1. Take it slow. Maven, is complicated. It's not good rushing into it, trying a few things, getting frustrated and then backing out. That was the mistake I made initially dived head long into maven, and hit my head more than a few times. There are a number of irritations which should not actually be there, which put me off. These irritations had work arounds which I have since found, but at the same I found them very irritating.

2. Use a local repository - a lot of the irritations of using maven can be resolved if you run a local repository. One of the major changes in thinking when coming the ant or the IDE build world is that with maven _all_ dependencies are imported, no dependencies are placed with the source code _at all_. So if you need to just quickly add this dependency to your build... don't go there. Maven coerces you to put that dependency into a repository and then reference it from elsewhere. Yes, you can install it to your local repo but the command to do this is clunky. Rather just install it on your local repository.

3. Don't try and do it the non maven way - maven is _very_ opinionated. It expects your code to be arranged in a very particular way. Do not try and fight with this. Resistance is futile. Standards are good and work well because they are used by all, not necessarily because they are the best way of doing things. You might think you know better than maven, that's fine - try and be different and you'll soon hit a wall.

A few of the problems I had, and will still need to deal with:

1. I think one of the problems with maven is that not all the code libraries int he world are available via maven repositories. If this were the case, chances are there would be a lot less pain. In my first coming to maven I quickly hit a problem when I added log4j as a dependency. Log4j supports jms based connectors etc and since these libraries have a more restrictive license they are not available from the primary maven repository. So when you add log4j as a dependency, the build simply fails. One work around is to download these artifacts manually and install them - something I wasn't willing to do as what's the point of using maven if I have to download dependencies manually right? At my second coming to maven I discovered that you can configure your dependencies to not include certain transitive dependencies. I excluded these unavailable via maven repository dependencies and my frustration was removed.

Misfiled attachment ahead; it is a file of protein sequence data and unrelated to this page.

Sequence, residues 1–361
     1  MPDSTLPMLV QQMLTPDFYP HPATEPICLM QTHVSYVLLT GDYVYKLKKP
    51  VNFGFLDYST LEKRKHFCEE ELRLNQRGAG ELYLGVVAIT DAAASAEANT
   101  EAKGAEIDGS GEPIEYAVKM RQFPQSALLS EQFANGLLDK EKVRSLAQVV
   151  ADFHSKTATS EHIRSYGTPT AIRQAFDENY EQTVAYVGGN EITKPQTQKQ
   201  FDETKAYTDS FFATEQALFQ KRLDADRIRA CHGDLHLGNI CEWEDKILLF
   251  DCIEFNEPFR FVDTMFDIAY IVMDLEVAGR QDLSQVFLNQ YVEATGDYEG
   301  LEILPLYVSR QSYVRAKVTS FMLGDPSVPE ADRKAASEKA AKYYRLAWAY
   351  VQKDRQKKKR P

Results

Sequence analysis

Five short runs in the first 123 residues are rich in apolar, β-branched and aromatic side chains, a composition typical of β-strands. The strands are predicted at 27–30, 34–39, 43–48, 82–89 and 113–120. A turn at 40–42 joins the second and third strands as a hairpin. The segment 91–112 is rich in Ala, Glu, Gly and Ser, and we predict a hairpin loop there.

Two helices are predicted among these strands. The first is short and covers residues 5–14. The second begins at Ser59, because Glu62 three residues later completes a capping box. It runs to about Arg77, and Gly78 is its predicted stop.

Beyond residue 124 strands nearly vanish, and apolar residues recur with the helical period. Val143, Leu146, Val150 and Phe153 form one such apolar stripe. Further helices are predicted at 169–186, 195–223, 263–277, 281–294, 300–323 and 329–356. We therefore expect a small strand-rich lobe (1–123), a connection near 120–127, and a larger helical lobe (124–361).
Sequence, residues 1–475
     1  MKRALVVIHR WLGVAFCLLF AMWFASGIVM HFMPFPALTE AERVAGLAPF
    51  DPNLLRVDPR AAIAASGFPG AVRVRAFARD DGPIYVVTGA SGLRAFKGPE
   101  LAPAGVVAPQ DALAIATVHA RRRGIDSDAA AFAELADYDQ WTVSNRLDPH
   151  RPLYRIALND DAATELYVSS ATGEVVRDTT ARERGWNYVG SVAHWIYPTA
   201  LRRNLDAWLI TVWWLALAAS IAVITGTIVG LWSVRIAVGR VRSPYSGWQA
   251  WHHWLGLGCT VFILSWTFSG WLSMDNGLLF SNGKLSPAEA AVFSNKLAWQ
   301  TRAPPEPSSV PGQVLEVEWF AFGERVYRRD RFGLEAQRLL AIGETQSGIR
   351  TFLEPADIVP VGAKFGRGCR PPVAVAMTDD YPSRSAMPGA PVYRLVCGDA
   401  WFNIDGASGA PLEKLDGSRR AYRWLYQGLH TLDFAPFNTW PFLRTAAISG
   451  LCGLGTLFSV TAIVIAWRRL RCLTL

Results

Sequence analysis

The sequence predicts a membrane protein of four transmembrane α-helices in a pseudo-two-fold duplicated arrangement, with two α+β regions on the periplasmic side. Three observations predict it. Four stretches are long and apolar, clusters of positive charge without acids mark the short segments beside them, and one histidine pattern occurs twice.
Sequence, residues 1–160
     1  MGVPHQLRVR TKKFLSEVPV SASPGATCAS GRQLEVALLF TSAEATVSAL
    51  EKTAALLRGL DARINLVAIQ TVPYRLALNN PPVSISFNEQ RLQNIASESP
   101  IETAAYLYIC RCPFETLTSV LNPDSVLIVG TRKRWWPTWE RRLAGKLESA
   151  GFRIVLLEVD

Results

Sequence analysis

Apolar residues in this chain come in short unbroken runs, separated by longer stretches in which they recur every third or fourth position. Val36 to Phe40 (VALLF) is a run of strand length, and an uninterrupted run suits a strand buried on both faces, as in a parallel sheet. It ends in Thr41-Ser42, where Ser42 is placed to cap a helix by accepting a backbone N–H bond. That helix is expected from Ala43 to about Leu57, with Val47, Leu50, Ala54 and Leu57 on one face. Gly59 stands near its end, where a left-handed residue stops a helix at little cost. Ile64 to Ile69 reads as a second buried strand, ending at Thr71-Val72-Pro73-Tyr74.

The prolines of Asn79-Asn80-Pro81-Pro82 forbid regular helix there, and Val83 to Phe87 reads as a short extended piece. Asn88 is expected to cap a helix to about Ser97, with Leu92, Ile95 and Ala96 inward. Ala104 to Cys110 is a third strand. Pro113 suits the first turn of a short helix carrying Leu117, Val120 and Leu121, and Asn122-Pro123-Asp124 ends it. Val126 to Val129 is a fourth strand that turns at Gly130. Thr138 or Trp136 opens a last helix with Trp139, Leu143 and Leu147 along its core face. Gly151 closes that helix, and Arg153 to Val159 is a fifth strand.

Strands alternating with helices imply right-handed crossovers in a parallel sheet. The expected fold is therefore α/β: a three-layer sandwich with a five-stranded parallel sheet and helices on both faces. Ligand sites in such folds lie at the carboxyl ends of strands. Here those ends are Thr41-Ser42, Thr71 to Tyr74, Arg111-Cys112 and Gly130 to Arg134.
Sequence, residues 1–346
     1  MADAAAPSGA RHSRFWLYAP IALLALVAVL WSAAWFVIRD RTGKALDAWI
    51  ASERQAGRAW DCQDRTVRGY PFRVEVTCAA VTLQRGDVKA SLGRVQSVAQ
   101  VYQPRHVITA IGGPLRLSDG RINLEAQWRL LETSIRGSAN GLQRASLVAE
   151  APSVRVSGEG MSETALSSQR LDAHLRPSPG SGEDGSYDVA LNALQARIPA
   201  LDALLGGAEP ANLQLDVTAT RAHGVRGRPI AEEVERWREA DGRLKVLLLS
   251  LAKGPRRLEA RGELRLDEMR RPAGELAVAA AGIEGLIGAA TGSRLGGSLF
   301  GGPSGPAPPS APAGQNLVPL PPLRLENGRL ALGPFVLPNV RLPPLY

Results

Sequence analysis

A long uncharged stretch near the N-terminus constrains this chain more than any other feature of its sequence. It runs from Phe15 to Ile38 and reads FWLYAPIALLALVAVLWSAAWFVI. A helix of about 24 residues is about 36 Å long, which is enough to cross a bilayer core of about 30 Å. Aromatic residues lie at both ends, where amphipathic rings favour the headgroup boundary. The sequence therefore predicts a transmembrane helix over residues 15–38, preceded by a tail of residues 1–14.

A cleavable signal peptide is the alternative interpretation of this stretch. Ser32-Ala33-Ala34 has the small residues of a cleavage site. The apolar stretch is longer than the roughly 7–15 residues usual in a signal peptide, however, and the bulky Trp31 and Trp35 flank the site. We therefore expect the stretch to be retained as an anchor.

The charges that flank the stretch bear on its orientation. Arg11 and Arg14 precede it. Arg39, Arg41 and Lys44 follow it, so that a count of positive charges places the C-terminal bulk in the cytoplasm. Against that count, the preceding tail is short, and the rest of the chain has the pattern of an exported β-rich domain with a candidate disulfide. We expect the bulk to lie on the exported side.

2. Handling third party dependencies - I had to make a connection to a mysql database. The mysql jdbc jar is obviously not available in a maven repository. This is where the local repository, artifactory or nexus come in. I figured out how to deploy this jar to this repository and no more problems. I was now doing things the maven way.

In summary, for now I am using maven. It has filled a big gap in my arsenal. A replacement for maven would have very big shoes to fill that I'm not sure I will go back.

But we will see...

Thursday, February 24, 2011

New Things Ahead

Hi Everyone...

As you know I have not posted in a very long time. The primary reason for this is that I have not really been doing anything particularly interesting over the last year. This is about to change, as of next week, I will be joining a new startup development company that specialises in mobile and internet applications... This promises to be fertile ground for more posts.

I will also be looking at redesigning this blog - giving's templates a run around.

How important is the programming language?

  Python, typescript, java, kotlin, C#, .net… Which is your technology of choice? Which one are you currently working in and which do you wa...